Thursday, April 14, 2011

Godzilla vs The Thing (Inoshiro Honda, 1964)

Oddly enough, this is my first real foray into the world of Godzilla. Sure, I have seen bits of films, mostly the wrestling type action, but this is my first beginning-to-end Godzilla film.

Now, while I like the idea of Godzilla, I am more of a Mothra fan. In fact, if I had to choose a deity, it would be Mothra. Mothra is anti-big business, anti-nukes, pro-ecology, and not to be trifled with. Mothra defends her people, and once a threat has been neutralized does not push for its destruction. She is a very sensible creature. Godzilla, on the other hand, is simply a force of nature—at least as presented in this film. I can get behind this, but make mine Mothra.

The story is fairly similar to the original Mothra. A giant egg appears in the ocean near a fishing village. A businessman tells the villagers that it is theirs, since it is in their waters, and advises that they bring it ashore. He then buys the egg from them for the price of one million chicken eggs. It turns out he is the pawn of a bigger corporation which plans to make money off the egg by selling research and side-show rights.

We soon discover that the egg was released from Mothra's island by a typhoon, and Mothra's primary agents, the Shobijin (two twin fairies), come to Japan to try getting it back. They warn the businessmen that Mothra will come to reclaim the egg. The businessmen fail to remember the last time Mothra came to retrieve the Shobijin. When some reporters try to negotiate the egg's release on their behalf, the businessmen offer to trade the egg for the Shobijin, again forgetting Mothra's first visit to Japan.

The Shobijin, played by Emi and Yƻmi Ito, The Peanuts

Well, the typhoon did not only effect Mothra's island. It also woke the King of Monsters. Just as they get ready to begin making some dough off the egg, Godzilla rises from the Earth. As is likely typical of a giant atomic dinosaur, he gets his tail caught in an electrical tower, trips and falls, gets pissed, and starts breaking stuff. So, he starts walking and smashing—perhaps trying to get to the sea.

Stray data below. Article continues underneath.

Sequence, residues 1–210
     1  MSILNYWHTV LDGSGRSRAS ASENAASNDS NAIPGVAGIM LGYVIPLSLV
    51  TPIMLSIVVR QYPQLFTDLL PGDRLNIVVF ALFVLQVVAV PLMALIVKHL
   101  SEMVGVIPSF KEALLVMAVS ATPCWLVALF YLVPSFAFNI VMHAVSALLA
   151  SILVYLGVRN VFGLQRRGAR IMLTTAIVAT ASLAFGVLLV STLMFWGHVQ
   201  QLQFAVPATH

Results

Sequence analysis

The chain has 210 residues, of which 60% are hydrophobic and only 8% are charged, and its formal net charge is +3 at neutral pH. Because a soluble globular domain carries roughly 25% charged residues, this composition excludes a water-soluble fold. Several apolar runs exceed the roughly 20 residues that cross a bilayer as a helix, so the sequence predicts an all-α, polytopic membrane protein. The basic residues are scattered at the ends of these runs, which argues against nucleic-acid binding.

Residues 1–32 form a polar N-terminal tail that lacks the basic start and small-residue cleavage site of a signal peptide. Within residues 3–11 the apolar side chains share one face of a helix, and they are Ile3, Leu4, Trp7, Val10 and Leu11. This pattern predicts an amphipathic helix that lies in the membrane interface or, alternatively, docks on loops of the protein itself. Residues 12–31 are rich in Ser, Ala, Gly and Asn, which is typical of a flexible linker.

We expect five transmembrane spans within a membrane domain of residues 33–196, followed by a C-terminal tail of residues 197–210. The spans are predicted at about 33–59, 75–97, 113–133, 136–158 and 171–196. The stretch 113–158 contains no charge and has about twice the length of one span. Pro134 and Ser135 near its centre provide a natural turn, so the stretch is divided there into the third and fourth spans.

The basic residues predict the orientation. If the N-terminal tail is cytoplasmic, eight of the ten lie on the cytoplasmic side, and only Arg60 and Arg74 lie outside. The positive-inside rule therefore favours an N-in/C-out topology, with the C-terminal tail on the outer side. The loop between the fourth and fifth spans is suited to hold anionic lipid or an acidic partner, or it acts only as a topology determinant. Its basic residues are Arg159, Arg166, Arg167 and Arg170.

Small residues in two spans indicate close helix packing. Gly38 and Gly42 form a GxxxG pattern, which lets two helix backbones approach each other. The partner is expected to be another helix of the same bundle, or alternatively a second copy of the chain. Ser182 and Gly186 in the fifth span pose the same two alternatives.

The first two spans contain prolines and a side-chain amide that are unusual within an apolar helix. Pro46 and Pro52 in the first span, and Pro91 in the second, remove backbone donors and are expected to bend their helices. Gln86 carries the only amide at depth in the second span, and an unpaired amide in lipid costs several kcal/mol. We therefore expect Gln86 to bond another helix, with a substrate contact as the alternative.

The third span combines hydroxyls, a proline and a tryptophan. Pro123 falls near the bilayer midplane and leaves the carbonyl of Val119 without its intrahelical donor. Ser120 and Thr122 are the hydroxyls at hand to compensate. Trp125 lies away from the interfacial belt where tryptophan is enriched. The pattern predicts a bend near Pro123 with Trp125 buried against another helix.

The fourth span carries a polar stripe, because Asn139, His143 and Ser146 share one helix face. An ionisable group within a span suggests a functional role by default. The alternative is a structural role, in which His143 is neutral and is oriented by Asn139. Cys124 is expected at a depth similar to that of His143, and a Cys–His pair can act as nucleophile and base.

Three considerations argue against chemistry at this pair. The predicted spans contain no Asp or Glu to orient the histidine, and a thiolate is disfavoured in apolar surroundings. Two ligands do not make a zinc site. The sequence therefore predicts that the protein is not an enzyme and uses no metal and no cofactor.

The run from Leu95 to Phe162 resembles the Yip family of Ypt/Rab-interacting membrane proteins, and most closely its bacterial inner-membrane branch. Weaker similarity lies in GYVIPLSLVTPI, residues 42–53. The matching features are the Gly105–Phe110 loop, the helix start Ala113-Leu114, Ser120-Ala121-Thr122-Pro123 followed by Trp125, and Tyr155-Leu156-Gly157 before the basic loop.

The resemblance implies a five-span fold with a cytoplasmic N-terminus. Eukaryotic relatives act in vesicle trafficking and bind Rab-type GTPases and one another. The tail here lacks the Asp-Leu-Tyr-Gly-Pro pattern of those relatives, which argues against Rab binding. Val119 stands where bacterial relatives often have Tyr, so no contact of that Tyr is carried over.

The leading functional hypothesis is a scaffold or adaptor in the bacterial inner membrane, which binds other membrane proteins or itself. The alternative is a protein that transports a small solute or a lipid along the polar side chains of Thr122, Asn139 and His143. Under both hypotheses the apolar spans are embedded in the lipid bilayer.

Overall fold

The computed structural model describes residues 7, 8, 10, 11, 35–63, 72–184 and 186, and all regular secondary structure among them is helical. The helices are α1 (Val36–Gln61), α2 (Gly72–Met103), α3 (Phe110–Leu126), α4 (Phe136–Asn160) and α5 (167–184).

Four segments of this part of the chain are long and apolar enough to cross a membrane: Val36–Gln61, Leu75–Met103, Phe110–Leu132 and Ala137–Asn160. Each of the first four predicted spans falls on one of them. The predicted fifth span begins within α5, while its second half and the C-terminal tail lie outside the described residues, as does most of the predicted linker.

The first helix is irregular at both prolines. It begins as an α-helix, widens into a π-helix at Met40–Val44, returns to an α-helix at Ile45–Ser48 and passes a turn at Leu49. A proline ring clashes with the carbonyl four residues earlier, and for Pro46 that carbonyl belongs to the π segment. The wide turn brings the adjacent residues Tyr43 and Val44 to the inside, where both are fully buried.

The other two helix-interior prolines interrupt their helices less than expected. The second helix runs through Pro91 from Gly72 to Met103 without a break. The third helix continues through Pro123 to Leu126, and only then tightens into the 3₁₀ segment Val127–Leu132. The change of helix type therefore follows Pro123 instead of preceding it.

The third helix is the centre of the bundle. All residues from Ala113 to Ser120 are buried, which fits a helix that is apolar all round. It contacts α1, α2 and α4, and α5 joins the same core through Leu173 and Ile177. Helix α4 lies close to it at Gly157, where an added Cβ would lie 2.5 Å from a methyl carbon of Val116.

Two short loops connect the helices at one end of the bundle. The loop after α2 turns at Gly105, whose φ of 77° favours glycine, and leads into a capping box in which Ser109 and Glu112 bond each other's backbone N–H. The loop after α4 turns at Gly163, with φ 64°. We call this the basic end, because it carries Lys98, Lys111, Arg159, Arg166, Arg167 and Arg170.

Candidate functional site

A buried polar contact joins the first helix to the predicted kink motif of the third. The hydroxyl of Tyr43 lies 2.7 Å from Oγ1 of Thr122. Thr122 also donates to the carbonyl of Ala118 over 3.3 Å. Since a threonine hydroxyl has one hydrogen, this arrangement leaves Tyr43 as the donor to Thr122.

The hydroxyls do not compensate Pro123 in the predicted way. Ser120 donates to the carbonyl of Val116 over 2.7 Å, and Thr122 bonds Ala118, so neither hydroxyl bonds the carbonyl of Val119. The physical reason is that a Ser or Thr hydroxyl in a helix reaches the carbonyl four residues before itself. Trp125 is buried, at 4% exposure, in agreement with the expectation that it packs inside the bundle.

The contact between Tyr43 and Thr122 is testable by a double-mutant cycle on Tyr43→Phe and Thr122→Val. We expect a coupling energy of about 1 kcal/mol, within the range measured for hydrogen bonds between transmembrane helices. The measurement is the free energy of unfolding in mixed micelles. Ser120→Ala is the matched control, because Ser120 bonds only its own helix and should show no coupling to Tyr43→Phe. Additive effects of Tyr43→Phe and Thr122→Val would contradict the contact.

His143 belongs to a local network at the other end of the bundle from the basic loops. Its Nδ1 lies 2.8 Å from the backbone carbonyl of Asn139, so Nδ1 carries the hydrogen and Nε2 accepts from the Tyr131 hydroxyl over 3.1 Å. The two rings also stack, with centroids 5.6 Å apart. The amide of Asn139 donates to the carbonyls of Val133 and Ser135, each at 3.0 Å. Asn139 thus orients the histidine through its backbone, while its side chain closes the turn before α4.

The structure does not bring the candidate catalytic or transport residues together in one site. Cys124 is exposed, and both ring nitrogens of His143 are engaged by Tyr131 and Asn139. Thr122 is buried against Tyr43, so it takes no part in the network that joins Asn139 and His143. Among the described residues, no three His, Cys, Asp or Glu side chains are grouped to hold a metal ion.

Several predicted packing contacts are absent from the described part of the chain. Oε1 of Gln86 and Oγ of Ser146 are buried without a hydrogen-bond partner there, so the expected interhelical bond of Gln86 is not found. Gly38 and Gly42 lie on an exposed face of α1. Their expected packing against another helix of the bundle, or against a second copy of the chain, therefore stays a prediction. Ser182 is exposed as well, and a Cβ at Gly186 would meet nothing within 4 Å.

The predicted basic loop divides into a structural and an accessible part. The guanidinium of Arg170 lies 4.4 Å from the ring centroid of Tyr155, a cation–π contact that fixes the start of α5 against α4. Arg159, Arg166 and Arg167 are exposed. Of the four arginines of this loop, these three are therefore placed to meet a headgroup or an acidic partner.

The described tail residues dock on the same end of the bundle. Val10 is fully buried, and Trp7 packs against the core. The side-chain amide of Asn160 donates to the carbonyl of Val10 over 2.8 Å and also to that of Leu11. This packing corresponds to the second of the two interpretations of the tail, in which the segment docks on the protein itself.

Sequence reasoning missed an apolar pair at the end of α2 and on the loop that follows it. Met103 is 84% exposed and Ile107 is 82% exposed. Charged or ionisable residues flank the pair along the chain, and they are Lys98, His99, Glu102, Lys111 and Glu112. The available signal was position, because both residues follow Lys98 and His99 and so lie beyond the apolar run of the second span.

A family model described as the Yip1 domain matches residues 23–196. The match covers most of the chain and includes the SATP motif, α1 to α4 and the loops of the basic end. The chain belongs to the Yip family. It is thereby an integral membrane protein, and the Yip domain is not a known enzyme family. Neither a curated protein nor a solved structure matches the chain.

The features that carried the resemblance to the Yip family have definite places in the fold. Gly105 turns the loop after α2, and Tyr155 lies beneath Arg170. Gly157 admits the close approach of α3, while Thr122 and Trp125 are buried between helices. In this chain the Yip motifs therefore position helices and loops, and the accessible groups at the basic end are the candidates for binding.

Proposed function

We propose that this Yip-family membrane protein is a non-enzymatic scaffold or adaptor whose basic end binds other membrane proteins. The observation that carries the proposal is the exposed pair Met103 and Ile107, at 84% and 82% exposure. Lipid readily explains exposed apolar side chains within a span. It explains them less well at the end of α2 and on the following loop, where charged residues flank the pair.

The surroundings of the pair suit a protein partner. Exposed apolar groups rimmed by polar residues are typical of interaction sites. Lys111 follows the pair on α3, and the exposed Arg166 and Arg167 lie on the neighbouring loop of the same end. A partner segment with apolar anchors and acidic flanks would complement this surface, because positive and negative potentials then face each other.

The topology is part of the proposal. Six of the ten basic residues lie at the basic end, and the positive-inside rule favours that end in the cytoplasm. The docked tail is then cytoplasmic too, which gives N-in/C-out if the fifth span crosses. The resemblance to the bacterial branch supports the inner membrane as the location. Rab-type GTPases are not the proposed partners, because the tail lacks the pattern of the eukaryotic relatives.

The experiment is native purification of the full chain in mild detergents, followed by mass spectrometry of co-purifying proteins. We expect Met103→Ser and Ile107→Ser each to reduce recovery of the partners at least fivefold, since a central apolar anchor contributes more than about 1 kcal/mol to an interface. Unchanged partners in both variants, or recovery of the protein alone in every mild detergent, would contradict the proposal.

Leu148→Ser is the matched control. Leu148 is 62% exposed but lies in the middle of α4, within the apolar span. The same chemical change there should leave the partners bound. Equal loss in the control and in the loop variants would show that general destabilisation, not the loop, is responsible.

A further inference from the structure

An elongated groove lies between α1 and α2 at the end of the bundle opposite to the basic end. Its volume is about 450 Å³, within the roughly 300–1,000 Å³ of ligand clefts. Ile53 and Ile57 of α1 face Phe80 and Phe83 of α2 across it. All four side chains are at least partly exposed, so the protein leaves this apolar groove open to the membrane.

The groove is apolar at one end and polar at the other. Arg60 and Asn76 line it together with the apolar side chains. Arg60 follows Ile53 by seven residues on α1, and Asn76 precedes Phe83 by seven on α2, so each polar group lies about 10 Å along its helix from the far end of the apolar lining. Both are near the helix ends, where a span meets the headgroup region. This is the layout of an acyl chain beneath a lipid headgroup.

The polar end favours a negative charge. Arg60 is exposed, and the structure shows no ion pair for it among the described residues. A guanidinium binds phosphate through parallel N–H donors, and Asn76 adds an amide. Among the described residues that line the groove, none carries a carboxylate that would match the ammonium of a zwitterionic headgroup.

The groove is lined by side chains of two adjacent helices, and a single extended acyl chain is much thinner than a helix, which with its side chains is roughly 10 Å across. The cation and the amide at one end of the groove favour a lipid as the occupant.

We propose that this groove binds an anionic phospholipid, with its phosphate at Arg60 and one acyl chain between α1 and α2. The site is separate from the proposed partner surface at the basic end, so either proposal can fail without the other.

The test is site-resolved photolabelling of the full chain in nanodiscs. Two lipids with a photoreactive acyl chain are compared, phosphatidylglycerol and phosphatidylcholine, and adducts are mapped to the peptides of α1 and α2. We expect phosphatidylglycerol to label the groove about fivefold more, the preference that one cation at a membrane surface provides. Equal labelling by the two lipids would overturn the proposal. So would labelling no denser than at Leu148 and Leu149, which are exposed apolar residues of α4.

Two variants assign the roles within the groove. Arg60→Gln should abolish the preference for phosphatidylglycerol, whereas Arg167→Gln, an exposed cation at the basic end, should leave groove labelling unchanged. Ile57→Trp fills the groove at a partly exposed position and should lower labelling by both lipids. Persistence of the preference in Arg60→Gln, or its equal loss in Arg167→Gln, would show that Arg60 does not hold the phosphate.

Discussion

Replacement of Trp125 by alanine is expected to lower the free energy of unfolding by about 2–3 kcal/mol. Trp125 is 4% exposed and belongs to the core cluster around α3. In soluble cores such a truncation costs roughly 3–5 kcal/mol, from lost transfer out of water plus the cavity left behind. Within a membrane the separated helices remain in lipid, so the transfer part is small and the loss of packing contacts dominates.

As usual, the Army is dispatched to destroy Godzilla with the usual ineffectiveness. The reporters decide the only way to stop him is to get Mothra involved. They travel to Mothra's island and appeal to the cult's leader for aid. He refuses, as the outside world is no friend of theirs, but after an impassioned plea and the Shobijin's intercession, Mothra decides to participate.



In all, this one is pretty enjoyable. Godzilla is just a treat here, and their are not too many big fight scenes. The story is quite similar to the original Mothra, but with a bit of a twist. While the monsters in these films are always fairly laughable, I must say I am impressed by the miniature work, and I imagine for the time many of the effects are really awesome. This streams on Netflix, and is interesting in many ways. The social/ecological message is sound, and there is a plot to it. I enjoyed it a great deal.

3 comments:

Lisa said...

This film is such a huge part of my childhood. It was the first Godzilla (vs. something) film I ever watched and I was so fascinated by it, although even as a little child I already was amused by the - now, funnily seeming stop-motion.
Mothra is definitely one of the coolest monsters Godzilla has to fight against and I am pretty sure it's one of the reason my sister is afraid of butterflies & moths.

Lisa said...

I have to add that my childhood ended only about 9 years ago. So Godzilla was already referred to as a classic on TV.

Darius Whiteplume said...

I saw the first Mothra film before I saw any Godzilla movie in its entirety. I like the message that goes with Mothra. Always evil business men who can't see past their balance sheet.

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